In 2014, there were an estimated 75,835 acres of underwater grasses in the Chesapeake Bay.
Date created: Apr 21 2014 / Download
Up until 2013, submerged aquatic vegetation (SAV, also known as bay grasses) acreage totals for the Chesapeake Bay were aggregated into three zones: Upper Bay, Middle Bay and Lower Bay. For 2013, it was decided to report the totals by the four salinity zones found in the Bay: tidal fresh, oligohaline, mesohaline and polyhaline. Since different species of SAV are generally found in waters of a specific range of salinity, tracking changes in SAV abundance by salinity could help track changes in species abundance more easily.
Bay grasses, also known as submerged aquatic vegetation, are an integral part of the Chesapeake Bay ecosystem. Lee Karrh from the Maryland Department of Natural Resources (DNR) explains what bay grasses need to grow and why their survival is important to Bay critters.
What is submerged aquatic vegetation, and why is it important to the Chesapeake Bay? Commonly known as “bay grasses” they among the most critical inhabitants of the Bay’s ecosystem. Find out more about submerged aquatic vegetation, and see what people around Baltimore’s Belvedere Square had to say about it.
Restoring underwater grasses to the rivers, streams and shallow waters of the Chesapeake Bay will dramatically improve the Bay ecosystem. Grass beds provide food and shelter to fish, crustaceans and other species, add oxygen to the water, absorb nutrient pollution, reduce shoreline erosion and help suspended particles of sediment settle to the bottom.
Underwater grasses—also known as submerged aquatic vegetation or SAV—are sensitive to pollution but quick to respond to improvements in water quality. This means their abundance is a good indicator of Bay health. As pollution declines and water clarity improves, scientists expect underwater grass beds to expand.
In 2014, the Chesapeake Bay Program renewed its goal to achieve and sustain 185,000 acres of underwater grasses in the Chesapeake Bay. Progress toward this goal will be measured against a target of 90,000 acres by 2017 and 130,000 acres by 2025.
While the Bay Program previously reported underwater grass acreage in three geographic zones, these data were re-aggregated in 2013 into four salinity zones. Each salinity zone has its own restoration goal.
Reviews of photographs from a number of sites dating back to 1937 suggest that close to 200,000 acres of underwater grasses may have once grown along the shorelines of the Chesapeake Bay. By 1984, nutrient and sediment pollution had weakened or eliminated grass beds in many areas, contributing to a Bay-wide SAV decline.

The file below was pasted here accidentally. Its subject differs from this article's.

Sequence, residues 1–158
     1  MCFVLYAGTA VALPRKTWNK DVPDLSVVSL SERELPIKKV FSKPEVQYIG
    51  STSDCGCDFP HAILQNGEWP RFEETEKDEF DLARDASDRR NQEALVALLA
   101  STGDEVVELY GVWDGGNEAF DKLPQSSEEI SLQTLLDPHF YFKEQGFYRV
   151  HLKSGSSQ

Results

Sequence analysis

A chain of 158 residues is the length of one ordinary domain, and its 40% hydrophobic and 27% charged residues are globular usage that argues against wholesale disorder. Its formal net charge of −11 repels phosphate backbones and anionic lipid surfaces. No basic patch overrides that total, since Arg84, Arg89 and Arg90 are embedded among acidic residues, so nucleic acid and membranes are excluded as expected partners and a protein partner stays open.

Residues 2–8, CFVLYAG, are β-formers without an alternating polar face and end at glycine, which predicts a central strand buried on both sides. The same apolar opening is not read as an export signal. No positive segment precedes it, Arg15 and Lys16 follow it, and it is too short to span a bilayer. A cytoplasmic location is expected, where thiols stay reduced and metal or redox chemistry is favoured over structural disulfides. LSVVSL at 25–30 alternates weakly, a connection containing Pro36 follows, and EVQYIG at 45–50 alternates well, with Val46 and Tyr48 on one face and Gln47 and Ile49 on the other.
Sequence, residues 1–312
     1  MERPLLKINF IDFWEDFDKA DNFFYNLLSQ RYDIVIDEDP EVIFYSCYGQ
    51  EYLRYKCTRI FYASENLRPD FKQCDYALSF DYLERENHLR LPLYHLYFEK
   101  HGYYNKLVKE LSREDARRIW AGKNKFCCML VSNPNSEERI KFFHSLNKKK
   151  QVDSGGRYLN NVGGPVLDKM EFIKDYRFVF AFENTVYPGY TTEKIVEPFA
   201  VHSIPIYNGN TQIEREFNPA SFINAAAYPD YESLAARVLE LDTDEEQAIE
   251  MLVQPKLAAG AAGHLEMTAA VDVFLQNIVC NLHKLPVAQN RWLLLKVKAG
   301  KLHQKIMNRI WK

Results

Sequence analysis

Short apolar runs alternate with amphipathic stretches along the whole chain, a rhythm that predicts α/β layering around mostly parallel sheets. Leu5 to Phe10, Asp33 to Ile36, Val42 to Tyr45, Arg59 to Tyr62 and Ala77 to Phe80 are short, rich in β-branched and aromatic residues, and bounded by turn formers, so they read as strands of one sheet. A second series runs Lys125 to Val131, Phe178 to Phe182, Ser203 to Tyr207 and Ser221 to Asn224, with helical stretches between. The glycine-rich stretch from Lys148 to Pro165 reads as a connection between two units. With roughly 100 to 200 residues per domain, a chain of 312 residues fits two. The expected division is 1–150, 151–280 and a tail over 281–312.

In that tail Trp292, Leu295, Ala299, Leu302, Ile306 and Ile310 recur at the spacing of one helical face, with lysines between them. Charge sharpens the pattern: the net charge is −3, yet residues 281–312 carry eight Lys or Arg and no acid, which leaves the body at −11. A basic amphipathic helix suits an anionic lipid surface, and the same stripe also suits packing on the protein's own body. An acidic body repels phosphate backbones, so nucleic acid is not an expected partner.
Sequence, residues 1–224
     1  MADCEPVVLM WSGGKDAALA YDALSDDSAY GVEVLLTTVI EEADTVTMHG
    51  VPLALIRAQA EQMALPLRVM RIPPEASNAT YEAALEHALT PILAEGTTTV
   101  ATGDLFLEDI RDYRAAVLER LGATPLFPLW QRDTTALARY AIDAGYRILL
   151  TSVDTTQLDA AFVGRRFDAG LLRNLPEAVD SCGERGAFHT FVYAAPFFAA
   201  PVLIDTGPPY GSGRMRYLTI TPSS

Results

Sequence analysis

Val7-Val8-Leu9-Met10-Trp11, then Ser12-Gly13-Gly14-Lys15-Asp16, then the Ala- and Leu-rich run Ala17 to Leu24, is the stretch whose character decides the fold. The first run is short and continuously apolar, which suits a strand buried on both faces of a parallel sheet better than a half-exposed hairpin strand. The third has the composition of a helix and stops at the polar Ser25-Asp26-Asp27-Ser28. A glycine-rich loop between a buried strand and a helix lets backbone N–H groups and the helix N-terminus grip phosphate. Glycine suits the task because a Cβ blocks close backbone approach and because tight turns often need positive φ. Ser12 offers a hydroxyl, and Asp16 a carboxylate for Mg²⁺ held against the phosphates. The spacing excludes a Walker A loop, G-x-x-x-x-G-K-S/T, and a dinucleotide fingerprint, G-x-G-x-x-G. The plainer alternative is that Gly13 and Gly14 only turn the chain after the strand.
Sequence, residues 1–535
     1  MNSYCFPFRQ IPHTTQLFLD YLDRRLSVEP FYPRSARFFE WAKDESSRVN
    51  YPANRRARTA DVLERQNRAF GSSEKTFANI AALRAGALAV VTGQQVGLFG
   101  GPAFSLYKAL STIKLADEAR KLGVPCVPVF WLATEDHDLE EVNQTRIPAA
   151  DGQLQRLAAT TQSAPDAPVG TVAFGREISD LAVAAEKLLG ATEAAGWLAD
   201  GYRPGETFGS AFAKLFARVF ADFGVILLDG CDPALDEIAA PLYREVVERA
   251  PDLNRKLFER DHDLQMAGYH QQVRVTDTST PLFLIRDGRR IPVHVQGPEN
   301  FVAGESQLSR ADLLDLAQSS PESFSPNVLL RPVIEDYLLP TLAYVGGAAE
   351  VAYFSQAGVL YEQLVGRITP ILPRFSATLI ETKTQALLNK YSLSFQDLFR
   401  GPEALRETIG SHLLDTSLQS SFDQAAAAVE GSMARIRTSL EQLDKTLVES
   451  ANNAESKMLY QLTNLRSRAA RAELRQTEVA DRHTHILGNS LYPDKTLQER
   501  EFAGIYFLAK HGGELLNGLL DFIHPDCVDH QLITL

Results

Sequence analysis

Long-term trend (1984-2014)
Short-term trend (2005-2014)
Change from previous year (2013-2014)
To see Bay-wide trends in underwater grass abundance, visit our Underwater Bay Grass Abundance (Baywide) indicator.
This data is collected through an aerial survey flown by researchers with the Virginia Institute of Marine Science (VIMS) from late spring to early fall. VIMS processes the photography in fall and winter and provides preliminary area totals the following spring. Visit the VIMS SAV website for more information about the aerial survey or for segment-specific survey results.
When scientists began to collect underwater grass abundance data in 1984, the Chesapeake Bay was divided into three geographic zones:
For almost 30 years, underwater grass acreage was reported in these geographic zones. But these zones span a wide range of salinities and do not account for salinity-related changes in underwater grass communities. Because the makeup of grass communities changes as salinity increases—and because these communities respond differently to heat, drought, storms and other events—it makes more ecological sense to report underwater grass acreage by salinity zone than by geographic zone. This can also help scientists find patterns in how underwater grasses are growing.
Based on an analysis of the distribution and long-term trends of underwater grass species in the Bay (Moore et al., 2000; Orth et al., 2010), there are three or four distinct underwater grass communities that can be delineated by salinity range. These correspond to the four salinity zones used to report underwater grass abundance:
Virginia Institute of Marine Science